A top executive at Apple who was a close associate of Steve Jobs said on Thursday that he had thrown himself into negotiations with the major publishing houses as Apple entered the e-book market because “Steve was near the end of his life.”
The executive, Eddy Cue, Apple’s lead negotiator with the publishers, said he was determined to close deals that would allow them to sell their e-books on Apple’s iBookstore in time for the introduction of the iPad in early 2010.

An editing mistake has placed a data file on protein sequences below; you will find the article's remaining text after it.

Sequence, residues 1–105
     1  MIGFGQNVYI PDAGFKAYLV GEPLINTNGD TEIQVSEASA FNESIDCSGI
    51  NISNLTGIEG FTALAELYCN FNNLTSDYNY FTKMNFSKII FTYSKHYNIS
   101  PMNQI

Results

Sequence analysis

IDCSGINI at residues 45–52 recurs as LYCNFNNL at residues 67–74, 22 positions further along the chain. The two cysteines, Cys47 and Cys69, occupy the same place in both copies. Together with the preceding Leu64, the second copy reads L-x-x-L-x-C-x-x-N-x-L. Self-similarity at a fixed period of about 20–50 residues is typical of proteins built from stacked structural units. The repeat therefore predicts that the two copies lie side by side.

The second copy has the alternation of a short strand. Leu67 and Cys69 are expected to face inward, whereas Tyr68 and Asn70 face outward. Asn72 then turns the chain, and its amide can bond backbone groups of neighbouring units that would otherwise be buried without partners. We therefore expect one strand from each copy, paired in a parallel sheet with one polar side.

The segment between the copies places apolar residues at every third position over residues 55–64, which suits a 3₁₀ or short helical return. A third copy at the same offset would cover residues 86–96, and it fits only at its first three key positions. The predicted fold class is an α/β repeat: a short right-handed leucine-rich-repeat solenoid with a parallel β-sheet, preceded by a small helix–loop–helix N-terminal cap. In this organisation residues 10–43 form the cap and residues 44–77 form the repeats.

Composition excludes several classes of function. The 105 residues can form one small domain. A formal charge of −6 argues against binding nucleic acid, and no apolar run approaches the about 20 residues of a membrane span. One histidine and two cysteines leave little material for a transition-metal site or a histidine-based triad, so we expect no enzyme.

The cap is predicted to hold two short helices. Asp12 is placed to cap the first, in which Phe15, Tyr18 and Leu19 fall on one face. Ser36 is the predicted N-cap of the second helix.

“I wanted to be able to get that done in time for that because it was really important to him,” Mr. Cue said, referring to Mr. Jobs. He was testifying in Federal District Court in Manhattan in the civil antitrust trial brought against Apple by the Justice Department.
“I pride myself on being successful, but this had extra meaning to me,” Mr. Cue added.
Those sped-up negotiations attracted the attention of the government, which filed a lawsuit against Apple and five publishers in April 2012. Mr. Jobs, the co-founder of Apple, died of cancer in October 2011.